Sberbank Europe CEO Mark Arnold talks to the STA about the bank’s plans for organic growth, misperception of the situation in Slovenia.

Ljubljana, 12 April (STA) – Slovenia needs to do a better job presenting the facts about its economy and banks on the international stage, because these show that Slovenia is nowhere near the countries it is being likened to, including Cyprus and Spain, Sberbank Europe CEO Mark Arnold has told the STA.

“I think that the gap between the old government and the new government and the Cyprus crisis has caused chaos [in Slovenia] because the real facts about what is going on here have not been stated publicly,” Arnold told an interview with the STA.

“From the facts that I see, 54% debt to GDP, the magnitude of the banking crisis is nowhere near that of Cyprus, nowhere near that of Spain. The government have got to work on presenting the facts to the international community.”

He assessed that a coordinated campaign is needed to get through to international investors who are reading the headlines on international media outlets “but not observing the facts”.

Moreover, Arnold believes that quick measures are needed to deal with the ailing banks in the country, foremost the state-owned banks. “The building of the bad bank structure to support government banks will have to happen now. It is just timing now.”

After clearing what he views as this first hurdle, the country must then go about changing laws in order to enable banks to dispose of assets.

He views the process of clearing bank balance sheets as the first step in a process that will eventually lead to consolidation of the banking market as part of which the fittest will survive.

While assessing the banking sector in the country as very competitive, he said there are “too many banks”, which is why consolidation is bound to happen in the medium term.

Moreover, Arnold told the STA that the current situation presents an opportunity to Sberbank, a newcomer to the Slovenian market, arriving in February 2012 through the acquisition of Austria’s Volksbank.

“We’ve been very conservative in the past, which probably worked out well for us in that we are profitable while other banks are not. I think we are in a good position to grow from here.”

Having already increased its market share from 2% held by Volksbank a year ago to 2.9% now, Arnold says that the goal ultimately is to get to around 10%, although he admits that this will be a tall order.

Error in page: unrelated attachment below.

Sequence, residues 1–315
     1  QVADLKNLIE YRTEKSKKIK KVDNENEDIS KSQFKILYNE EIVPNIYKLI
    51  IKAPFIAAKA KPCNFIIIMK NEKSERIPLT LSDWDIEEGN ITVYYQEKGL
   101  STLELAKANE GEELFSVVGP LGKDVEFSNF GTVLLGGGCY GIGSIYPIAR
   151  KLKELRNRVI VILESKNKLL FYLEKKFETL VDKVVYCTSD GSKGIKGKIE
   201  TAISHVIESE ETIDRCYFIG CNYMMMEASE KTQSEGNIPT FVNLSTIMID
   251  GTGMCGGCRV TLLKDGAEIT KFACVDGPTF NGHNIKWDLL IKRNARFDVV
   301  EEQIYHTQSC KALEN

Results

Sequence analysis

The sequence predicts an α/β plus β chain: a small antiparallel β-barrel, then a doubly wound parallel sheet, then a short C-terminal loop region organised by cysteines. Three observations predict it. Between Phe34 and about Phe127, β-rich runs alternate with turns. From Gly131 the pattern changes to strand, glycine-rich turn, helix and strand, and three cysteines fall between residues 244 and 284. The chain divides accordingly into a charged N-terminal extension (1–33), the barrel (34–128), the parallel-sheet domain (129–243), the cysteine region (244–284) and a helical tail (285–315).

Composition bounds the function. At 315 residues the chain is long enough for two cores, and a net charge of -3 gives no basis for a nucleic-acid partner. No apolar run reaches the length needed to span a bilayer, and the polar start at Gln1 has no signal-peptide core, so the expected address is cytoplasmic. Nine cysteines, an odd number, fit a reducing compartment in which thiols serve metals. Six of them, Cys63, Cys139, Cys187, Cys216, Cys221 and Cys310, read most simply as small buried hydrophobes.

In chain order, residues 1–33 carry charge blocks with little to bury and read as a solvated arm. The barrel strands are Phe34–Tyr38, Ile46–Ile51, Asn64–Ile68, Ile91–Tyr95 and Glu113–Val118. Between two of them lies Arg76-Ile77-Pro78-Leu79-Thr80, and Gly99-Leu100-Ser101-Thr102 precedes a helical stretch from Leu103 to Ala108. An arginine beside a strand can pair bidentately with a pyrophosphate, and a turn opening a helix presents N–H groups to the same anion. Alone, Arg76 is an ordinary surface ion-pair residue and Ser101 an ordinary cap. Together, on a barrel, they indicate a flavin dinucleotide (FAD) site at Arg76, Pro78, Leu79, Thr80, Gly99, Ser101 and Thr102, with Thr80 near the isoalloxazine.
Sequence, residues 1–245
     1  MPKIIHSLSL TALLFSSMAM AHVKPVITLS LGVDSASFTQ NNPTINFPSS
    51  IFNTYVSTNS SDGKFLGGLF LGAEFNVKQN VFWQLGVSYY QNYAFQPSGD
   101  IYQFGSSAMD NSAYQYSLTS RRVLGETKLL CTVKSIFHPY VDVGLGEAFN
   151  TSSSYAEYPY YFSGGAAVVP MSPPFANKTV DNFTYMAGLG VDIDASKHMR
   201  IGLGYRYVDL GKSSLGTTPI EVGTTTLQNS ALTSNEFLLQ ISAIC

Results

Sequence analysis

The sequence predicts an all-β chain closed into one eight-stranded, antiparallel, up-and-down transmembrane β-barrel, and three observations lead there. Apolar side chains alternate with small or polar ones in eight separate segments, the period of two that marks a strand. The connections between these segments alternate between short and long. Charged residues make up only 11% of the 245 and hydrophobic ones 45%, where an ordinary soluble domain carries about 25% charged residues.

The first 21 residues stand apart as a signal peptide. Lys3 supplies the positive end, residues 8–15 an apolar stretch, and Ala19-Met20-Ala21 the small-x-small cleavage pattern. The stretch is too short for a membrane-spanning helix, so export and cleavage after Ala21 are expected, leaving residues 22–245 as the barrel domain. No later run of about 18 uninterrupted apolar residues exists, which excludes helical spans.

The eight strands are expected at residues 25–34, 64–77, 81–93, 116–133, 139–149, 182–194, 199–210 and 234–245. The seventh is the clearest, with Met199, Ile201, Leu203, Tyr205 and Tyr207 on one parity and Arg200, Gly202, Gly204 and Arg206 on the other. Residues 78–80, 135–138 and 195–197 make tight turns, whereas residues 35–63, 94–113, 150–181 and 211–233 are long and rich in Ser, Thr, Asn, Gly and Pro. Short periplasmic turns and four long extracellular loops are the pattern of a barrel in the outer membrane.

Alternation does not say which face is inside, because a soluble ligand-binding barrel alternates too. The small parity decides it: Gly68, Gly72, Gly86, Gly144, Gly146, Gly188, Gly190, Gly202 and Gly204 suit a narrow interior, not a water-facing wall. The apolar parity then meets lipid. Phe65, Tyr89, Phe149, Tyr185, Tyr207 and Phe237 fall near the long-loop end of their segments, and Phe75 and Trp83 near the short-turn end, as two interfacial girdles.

“I think 5-6% would be where we will be in 2 years,” he said, adding that as the no. 1 bank in Russia and no. 2 in Europe in terms of capital, Sberbank was eyeing to be no less than in the top 3 in Slovenia.

But he stressed that while opportunities abound, the bank was also focusing on “sensible growth”. “We need to take the right risk controls. Before we grow too much, we put the infrastructure to make sure we do it sensibly. I think we see many banks in this market and elsewhere who haven’t done that.”

Given the troubles of some of its rivals, Arnold expects that the bank will be able to achieve significant organic growth, which is the priority for the bank in the short term.

“The desire is initially to leverage what we have, to rebrand as we are doing today. I think for the next year and half to two years the aim is to grow organically, after that point we may look to inorganic growth.”

He stressed that this was also the strategy of the parent bank, which was currently focusing on and integrating and leveraging the acquisitions of recent years that have expanded its position in Europe.

In this light, he also shot down speculation that Sberbank was thinking of buying Austria’s Hypo Alpe Adria, saying that Sberbank’s name has come up because it is a new player looking for growth.

He explained that the bank wants to focus on specific segments of operation in Slovenia. This was echoed by head of the Slovenian branch of Sberbank Gašpar Ogris-Martič, who said that retail banking would be a core segment that also represents the biggest challenge for the bank.

In business banking, the bank is expanding its focus from small and medium-sized corporations which was in place under Volksbank to large corporate clients. “Now we have the power and the capital base of the group,” Ogris-Martič said.

Moreover, he announced that the bank was also looking to act as a “bridge between the business and trade flows between Slovenia and Russia and other Commonwealth of Independent States countries”.

Emphasising this point, Arnold pointed to the rising trade between Slovenia and Russia. “I think we’re the perfect partner for people to export or import to CIS and vice versa.”